Petrology of fibrous coal (fusain) and associated inertinites from the Early Paleocene of the central Alberta Plains

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Megascopic, micropetrographic and scanning-electron microscopic investigations of fibrous coal indicate that paleo-wildfires were common occurrences in the mire which produced Highvale coals. At least 20 fibrous coal (fusain) horizons have been identified in corehole samples from the pit no. 3 locality at Highvale, in the central Alberta Plains. Thicknesses of individual horizons vary, and are not particular to any stratigraphic position within coal seams. The majority of these fibrous horizons is within the two thick economic seams, the Highvale Nos. 1 and 2, which are characteristically megascopically dull. The dullness of given lithotypes is largely related to inertinite content with fibrous coal containing 51% inertinite on average, and selected horizons comprised of as much as 85% inertinite. Semifusinite and inertodetrinite are the predominant inertinites, with a few horizons exhibiting highly reflecting fusinite. Macrinite is rare, and micrinite is absent. SEM investigations reveal that certain fibrous coals exhibit excellent preservation of the original gymnospermous (Taxodium) woody tissue. Features such as homogenization and swelling of the cell walls, elimination of the middle lamellae, and preservation of bordered pits are clearly indicative of charcoal formation as a product of paleo-wildfires. Depending upon the nature of the fire, temperatures obtained and the nature of the mire vegetation, a wide range of inertinite precursors can be produced. © 1993.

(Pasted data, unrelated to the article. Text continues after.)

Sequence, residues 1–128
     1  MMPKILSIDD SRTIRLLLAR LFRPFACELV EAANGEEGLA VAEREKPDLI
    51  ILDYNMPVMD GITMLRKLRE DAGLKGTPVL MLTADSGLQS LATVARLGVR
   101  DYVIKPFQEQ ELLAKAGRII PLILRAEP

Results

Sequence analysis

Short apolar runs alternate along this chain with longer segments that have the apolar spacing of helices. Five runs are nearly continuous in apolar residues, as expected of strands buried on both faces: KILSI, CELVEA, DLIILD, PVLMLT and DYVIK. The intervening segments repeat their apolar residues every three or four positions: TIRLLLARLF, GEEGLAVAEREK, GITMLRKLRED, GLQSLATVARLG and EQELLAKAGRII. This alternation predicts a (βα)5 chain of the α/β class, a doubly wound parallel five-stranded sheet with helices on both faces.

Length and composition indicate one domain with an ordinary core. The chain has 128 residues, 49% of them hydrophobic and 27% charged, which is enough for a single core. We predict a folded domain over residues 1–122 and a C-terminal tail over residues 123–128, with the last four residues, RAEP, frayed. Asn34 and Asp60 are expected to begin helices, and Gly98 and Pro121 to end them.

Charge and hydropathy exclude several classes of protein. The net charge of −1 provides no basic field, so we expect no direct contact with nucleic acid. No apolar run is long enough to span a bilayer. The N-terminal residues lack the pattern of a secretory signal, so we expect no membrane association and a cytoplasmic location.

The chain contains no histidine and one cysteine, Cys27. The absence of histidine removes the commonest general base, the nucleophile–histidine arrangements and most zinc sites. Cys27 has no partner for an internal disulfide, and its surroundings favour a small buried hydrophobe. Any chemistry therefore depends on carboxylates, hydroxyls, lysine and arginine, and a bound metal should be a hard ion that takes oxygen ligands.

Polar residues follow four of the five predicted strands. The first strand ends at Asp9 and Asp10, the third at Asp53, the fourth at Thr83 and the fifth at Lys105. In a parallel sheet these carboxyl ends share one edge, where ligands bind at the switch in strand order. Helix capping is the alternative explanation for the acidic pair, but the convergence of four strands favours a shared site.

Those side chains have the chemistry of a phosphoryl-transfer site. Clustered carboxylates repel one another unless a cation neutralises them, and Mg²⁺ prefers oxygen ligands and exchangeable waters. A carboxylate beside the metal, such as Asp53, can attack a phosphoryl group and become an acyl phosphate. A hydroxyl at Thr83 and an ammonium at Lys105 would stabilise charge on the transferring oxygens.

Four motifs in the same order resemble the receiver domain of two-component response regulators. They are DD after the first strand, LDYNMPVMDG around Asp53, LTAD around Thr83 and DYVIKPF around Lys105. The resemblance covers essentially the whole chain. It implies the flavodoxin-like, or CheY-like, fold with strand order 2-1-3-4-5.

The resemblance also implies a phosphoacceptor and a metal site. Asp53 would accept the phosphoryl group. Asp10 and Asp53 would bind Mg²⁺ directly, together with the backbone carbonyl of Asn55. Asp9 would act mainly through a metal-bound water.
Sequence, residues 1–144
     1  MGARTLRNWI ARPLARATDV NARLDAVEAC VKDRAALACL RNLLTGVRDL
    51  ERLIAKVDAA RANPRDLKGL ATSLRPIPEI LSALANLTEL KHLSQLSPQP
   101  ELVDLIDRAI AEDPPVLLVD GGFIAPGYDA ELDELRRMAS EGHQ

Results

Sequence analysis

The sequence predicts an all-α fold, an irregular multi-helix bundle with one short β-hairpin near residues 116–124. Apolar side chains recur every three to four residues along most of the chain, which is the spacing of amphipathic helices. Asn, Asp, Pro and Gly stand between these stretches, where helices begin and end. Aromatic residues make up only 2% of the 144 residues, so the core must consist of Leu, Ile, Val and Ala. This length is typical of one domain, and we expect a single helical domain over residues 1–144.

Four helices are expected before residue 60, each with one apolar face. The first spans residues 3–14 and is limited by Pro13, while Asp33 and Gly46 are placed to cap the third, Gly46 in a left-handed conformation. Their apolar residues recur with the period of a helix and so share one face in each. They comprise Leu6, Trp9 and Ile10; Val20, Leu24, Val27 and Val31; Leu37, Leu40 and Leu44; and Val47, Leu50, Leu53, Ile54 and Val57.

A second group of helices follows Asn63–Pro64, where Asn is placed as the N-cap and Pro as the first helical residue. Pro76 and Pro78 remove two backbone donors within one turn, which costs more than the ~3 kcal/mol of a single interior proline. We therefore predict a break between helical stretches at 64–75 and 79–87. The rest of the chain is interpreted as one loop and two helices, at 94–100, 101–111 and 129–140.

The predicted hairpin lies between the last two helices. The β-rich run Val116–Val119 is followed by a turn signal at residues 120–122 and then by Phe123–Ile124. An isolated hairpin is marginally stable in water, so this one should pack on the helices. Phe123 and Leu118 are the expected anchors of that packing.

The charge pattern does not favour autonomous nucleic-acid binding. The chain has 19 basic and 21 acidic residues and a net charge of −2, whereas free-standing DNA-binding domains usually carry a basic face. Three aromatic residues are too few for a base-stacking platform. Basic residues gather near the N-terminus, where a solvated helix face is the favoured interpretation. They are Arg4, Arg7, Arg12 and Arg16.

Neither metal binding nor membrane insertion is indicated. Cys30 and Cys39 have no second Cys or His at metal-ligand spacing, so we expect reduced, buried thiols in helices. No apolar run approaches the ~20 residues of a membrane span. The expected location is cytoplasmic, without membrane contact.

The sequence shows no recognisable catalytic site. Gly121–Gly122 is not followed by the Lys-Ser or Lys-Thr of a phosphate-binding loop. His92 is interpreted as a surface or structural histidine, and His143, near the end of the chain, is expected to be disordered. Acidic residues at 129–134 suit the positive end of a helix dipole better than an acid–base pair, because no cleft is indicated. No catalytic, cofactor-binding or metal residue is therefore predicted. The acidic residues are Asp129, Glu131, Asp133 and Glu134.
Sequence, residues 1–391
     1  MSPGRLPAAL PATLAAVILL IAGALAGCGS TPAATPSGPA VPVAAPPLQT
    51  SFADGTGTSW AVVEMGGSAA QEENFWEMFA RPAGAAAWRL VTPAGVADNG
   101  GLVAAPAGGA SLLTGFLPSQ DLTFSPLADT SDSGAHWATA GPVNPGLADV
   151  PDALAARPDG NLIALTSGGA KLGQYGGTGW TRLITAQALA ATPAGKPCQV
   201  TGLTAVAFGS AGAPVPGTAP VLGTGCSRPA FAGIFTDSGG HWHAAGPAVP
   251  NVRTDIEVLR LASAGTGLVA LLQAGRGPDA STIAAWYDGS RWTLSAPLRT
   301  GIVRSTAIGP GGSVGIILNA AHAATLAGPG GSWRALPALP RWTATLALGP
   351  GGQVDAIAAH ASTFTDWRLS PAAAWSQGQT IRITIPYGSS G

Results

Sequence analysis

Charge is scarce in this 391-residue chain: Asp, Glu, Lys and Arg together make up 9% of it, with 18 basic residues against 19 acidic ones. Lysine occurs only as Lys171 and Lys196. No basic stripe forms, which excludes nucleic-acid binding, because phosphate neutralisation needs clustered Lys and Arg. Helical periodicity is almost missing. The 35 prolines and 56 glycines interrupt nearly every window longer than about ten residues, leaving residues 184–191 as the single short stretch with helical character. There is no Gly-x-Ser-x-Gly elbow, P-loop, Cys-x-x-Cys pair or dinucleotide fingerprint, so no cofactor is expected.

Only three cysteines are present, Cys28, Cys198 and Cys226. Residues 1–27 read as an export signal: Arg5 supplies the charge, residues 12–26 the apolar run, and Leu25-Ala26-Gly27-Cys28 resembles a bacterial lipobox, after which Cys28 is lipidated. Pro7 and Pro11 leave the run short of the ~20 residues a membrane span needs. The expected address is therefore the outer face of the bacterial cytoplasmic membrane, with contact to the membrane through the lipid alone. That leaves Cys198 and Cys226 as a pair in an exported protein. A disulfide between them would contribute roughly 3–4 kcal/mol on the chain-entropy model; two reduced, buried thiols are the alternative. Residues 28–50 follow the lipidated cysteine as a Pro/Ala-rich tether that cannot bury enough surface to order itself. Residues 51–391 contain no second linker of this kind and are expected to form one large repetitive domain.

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International Journal of Coal Geology

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